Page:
He wished to return to the West African settlement he had left in the hold of a slave-ship some 60 years earlier but instead the old soldier received a location ticket for 100 acres of land in unsettled Garafraxa Township on the Grand River, near present-day Fergus.

In May 1825 Richard Pierpoint completed the settlement duties in clearing and fencing five acres and erecting a house. He probably died in late 1837 – an old African brought by the slave trade to the frontier of settlement in a land he never took for his own.

This event is hosted by the Grimsby Historical Society.

Feb
21
Thu
The Importance of Recreational Programs for Those Diagnosed with Young Onset Dementia @ Online
Feb 21 @ 12:00 pm – 1:00 pm

This webinar will touch on the importance of recreational programs specifically designed for people living with Young Onset Dementia (YOD) and their care partners.

Learn about The Alzheimer Society of Toronto’s Boomers Club, a weekly social program for YOD and their families and explore ways to support the unique needs of this population.

This webinar is hosted by brainXchange.

Introducing the 2019 CharityVillage Salary and Benefits Report @ Online
Feb 21 @ 1:00 pm – 2:00 pm

CharityVillage is pleased to be releasing a brand new, fully updated edition of their popular Canadian Nonprofit Sector Salary & Benefits Report – the most comprehensive of its kind in the country!

This webinar will give you a basic introduction to the report, unveil the executive summary, and will provide tips and pointers on how to read the report and interpret the data.

This webinar is hosted by CharityVillage.

Ask the Expert: The Immigrant and Refugee Mental Health Project @ Online
Feb 21 @ 1:30 pm – 2:15 pm

Do you have any burning questions related to your work and the mental health of immigrants and refugees?

If so, join the Immigrant and Refugee Mental Health Project for an online live-session with subject matter experts Dr. Debra Stein and Bonnie Wong.

You will be joining social, settlement, and health service providers across Canada in asking our experts questions to support your every day work with immigrants and refugees.

This session is hosted by the Immigrant and Refugee Mental Health Project.

Self-Care for the Caregiver @ Alzheimer Society of Niagara Region - Pfizer Room
Feb 21 @ 5:22 pm – 6:22 pm

Do you…
Feel overwhelmed in caring for others?
Experience insomnia, worry, or anxiety?
Have trouble dealing with your feelings?
Find it hard to find time to take care of yourself?
Have trouble asking for help and following through on it?

Please join Denise Verreault, Director of Programs & Services at the Alzheimer Society of Niagara Region, as she takes you through a sixteen-week educational program designed to help you learn how to take better care of you as you care for others. The three-hour weekly class will focus on self-awareness exercises, stress management, group discussion, and take-home exercises. You can learn how to develop your inner capacity to be resilient and strong regardless of your current life challenges.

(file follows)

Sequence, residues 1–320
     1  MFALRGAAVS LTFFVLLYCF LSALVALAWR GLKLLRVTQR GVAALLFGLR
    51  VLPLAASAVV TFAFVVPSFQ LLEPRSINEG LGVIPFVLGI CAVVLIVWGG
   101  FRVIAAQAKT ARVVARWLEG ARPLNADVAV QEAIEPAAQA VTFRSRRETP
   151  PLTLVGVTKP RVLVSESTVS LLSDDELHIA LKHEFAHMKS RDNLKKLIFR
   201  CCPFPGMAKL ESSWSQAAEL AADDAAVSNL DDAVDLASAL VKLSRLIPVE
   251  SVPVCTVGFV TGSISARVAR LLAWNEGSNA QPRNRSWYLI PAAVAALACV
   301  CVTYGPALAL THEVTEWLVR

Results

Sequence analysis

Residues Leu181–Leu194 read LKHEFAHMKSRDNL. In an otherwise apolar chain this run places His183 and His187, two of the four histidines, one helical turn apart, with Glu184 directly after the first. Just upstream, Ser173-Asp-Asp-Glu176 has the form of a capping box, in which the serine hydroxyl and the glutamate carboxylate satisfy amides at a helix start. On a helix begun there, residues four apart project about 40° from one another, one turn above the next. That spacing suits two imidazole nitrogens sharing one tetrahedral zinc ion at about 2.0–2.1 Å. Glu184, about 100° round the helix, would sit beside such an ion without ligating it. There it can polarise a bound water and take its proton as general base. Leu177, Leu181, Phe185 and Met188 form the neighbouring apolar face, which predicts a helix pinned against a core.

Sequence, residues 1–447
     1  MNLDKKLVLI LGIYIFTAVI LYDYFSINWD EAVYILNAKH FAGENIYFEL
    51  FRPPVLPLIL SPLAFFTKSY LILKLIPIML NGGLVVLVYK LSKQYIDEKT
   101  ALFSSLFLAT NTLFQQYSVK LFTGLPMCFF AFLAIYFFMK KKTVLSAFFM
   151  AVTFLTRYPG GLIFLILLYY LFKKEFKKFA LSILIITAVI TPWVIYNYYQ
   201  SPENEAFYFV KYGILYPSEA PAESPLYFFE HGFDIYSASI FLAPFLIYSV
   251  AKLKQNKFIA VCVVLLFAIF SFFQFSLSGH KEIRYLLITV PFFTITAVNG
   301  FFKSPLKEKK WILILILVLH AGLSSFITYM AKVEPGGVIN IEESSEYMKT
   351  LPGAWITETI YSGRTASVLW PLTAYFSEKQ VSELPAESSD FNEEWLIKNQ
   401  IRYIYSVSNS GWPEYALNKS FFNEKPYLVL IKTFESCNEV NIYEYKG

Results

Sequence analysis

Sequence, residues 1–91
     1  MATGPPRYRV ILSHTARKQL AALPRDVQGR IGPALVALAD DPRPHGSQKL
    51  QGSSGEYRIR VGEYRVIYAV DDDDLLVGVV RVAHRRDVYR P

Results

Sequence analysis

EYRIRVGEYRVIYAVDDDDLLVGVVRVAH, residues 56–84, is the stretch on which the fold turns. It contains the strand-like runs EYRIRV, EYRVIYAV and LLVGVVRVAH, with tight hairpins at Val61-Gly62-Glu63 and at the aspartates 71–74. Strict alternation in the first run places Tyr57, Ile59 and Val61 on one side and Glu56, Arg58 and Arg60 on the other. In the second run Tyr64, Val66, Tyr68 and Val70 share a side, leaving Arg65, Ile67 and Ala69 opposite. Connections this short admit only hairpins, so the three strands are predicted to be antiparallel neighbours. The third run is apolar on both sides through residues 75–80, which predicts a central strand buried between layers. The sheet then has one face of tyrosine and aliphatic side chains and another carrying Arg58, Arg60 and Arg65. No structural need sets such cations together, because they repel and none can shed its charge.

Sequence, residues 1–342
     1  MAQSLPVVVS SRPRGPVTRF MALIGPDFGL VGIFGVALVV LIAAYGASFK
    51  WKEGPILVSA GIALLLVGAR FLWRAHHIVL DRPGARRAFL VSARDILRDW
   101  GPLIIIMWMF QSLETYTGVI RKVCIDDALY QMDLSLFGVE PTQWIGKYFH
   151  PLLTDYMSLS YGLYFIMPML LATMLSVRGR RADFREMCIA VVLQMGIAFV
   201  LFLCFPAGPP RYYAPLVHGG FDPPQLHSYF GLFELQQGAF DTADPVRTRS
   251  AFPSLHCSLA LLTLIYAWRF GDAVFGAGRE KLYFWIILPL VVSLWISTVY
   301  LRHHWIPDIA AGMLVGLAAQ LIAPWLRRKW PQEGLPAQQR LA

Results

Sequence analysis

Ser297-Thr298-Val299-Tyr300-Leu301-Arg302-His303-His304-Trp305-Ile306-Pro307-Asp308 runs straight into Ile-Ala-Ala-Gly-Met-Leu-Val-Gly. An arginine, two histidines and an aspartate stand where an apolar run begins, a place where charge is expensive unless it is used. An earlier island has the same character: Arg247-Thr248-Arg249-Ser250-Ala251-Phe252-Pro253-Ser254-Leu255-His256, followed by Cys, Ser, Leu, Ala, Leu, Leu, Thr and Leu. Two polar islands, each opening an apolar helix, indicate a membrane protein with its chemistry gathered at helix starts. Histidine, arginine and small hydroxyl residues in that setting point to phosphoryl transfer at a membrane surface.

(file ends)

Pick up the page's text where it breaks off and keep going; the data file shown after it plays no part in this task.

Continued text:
Sessions take place on Thursdays from January 10 to April 25, 2019.

This program is hosted by the Niagara Caregiver Network.

Feb
22
Fri
Taking Action Against Abuse of Older Adults: Certificate Workshop @ Grantham Lions Club
Feb 22 @ 9:00 am – 3:30 pm

Crime Stoppers Niagara, in partnership with the Niagara Elder Abuse Prevention Network and the Alzheimer Society of Niagara is offering a free one-day workshop.

9:20 – Opening Remarks

9:30-10:30 – Finding Your Way with Jessica Pace, Alzheimer Society of Niagara, focusing on supporting people with dementia to stay engaged in their community while mitigating the risks of wandering and going missing.

10:45-12:00 – Abuse of Older Adults, Be Part of the Solution with Dion McParland, Niagara Elder Abuse Prevention Network & Alzheimer Society of Niagara: Introductory workshop will provide awareness of abuse of older adults to front-line staff and volunteers; to gain awareness, develop best practices in responding to abuse, by learning communication skills and directing to the appropriate resources, and be part of the solution.

12:00-12:45 – Lunch

12:45-3:15 – Abuse of Older Adults, Be Part of the Solution

Limited spots available. If you wish to attend, please call Sara Stevens at 905-938-5463 by February 18, 2019.

This workshop is hosted by Crime Stoppers Niagara, the Elder Abuse Prevention Network, and the Alzheimer Society of Niagara.

Feb
23
Sat
Coldest Night of the Year: YWCA Niagara Region @ Grimsby Secondary School
Feb 23 @ 4:00 pm – 8:00 pm

The 4th annual Coldest Night of the Year West Niagara is being held in support of the YWCA’s West Niagara Affordable Housing program!

Get excited for the non-competitive 2km, 5km, or 10km walk that raises awareness about and funds for the fight against poverty and homelessness in our community! And don’t forget, after the walk you can join the YWCA back inside to warm up with some chili and vote for your favourite in our “Chilly” Cook-Off.

The goal of YWCA’s West Niagara Affordable Housing program is to provide transitional supportive housing to all of West Niagara, which will lead individuals to self-sufficiency within the time frame of one to three years.

Together with community partners, the YWCA Niagara Region provide supportive programming and housing solutions to individuals who are committed to attaining self-sufficiency. Partners include community organizations, individuals, service providers and the faith community as well as residential clients.

SPONSORS

Ontario Trillium Foundation